The O'Hare philosophy is giving the Royal Ballet's talented company great new challenges in the form of great new ballets. "I'm being very ambitious, with all the new work in the past 18 months. The new season is very interesting, showing the range of the Royal Ballet, MacMillan and Ashton and then the full-on contemporary ballet. New work is how I have made my mark. We have an enviable repertoire, but you have to move forward as well."

Here is a man who embraces change, and that might well be a novelty in Royal Ballet directors. But there is one area where he will not embrace change – touring the company around Britain so that more of the people whose taxes fund it can see the dancers live on stage.

"I know you don't agree," he says, "but we're lucky enough to be in this amazing building. Every show in the last eight months has sold out and now we have the cinema programme, 55,000 in the UK for the Nutcracker on screen. If we started going on tour, there's ENB, there's Northern Ballet, it's their remit. And I do hope the cinema relays are encouraging people to go to the live theatre as well."

Meanwhile, O'Hare, like all of us, still gets a thrill from the classics. "With the Sleeping Beauty overture, I still get that feeling in my stomach, there is still that sense of excitement." And he is excited, too, by the current public appetite for dance and acknowledgement of what it takes to be a great ballet dancer. "When I danced, we used to go to receptions and they would say, 'What's your real job? What do you do in the daytime?' "

Arts and Entertainment
Saw point: Bradley Cooper and Jennifer Lawrence in ‘Serena’
film
Arts and Entertainment
Taylor Swift performs at the 2014 iHeart Radio Music Festival
musicReview: 1989's songs attempt to encapsulate dramatic emotional change in a few striking lines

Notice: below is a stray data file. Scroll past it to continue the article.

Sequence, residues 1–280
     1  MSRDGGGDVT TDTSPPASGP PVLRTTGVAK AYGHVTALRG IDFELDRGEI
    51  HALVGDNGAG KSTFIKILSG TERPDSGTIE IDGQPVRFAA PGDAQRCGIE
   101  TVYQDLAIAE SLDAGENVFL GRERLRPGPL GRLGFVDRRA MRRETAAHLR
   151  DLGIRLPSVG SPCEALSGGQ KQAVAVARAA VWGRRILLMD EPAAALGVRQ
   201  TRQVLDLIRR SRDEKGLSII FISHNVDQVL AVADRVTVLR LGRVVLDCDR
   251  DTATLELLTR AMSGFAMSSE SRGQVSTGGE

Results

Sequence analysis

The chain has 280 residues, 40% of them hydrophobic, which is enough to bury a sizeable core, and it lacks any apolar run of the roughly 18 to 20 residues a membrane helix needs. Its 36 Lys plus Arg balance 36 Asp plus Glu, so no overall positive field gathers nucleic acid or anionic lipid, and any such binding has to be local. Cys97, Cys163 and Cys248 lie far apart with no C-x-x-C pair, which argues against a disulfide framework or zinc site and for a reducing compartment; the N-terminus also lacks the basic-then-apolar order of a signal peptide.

Arts and Entertainment
Paul Anderson plays Arthur Shelby in Peaky Blinders series two
tvReview: Arthur Shelby Jr seems to be losing his mind as his younger brother lets him run riot in London
Arts and Entertainment
Miranda Hart has called time on her award-winning BBC sitcom, Miranda
tv
Arts and Entertainment
Sir Nicholas Serota has been a feature in the Power 100 top ten since its 2002 launch
art
PROMOTED VIDEO
Arts and Entertainment
Boy George performing with Culture Club at Heaven

musicReview: Culture Club performs live for first time in 12 years

Arts and Entertainment
Laura Wood, winner of the Montegrappa Scholastic Prize for New Children’s Writing
books

Children's bookseller wins The Independent's new author search

Have you tried new the Independent Digital Edition apps?
Arts and Entertainment
Pulling the strings: Spira Mirabilis

music
Arts and Entertainment
Neville's Island at Duke of York's theatre
musicReview: The production has been cleverly cast with a quartet of comic performers best known for the work on television
Arts and Entertainment
Banksy's 'The Girl with the Pierced Eardrum' in Bristol

art
Arts and Entertainment
Lynda Bellingham stars in her last Oxo advert with on-screen husband Michael Redfern

tv
Arts and Entertainment
Hunger Games actress Jena Malone has been rumoured to be playing a female Robin in Batman v Superman

film
Arts and Entertainment
Tim Minchin portrait
For a no-holds-barred performer who is scathing about woolly thinking and oppressive religiosity, Tim Minchin is surprisingly gentle
Arts and Entertainment
Clara takes the lead in 'Flatline' while the Doctor remains in the Tardis
tvReview: The 'Impossible Girl' earns some companion stripes... but she’s still annoying in 'Dr Who, Flatline'
Arts and Entertainment
Joy Division photographed around Waterloo Road, Stockport, near Strawberry Studios. The band are Bernard Sumner (guitar and keyboards), Stephen Morris (drums and percussion), Ian Curtis (vocals and occasional guitar), Peter Hook (bass guitar and backing vocals).
books
Arts and Entertainment
Sean Harris in 'The Goob' film photocall, at the Venice International Film Festival 2014
filmThe Bafta-winner talks Hollywood, being branded a psycho, and how Streisand is his true inspiration
Arts and Entertainment
X Factor contestant Fleur East
tvReview: Some lacklustre performances - but the usual frontrunners continue to excel
Arts and Entertainment
Richard Tuttle's installation in the Turbine Hall at the Tate Modern
artAs two major London galleries put textiles in the spotlight, the poor relation of the creative world is getting recognition it deserves
Arts and Entertainment
Hunger Games actress Jena Malone has been rumoured to be playing a female Robin in Batman v Superman
film
Arts and Entertainment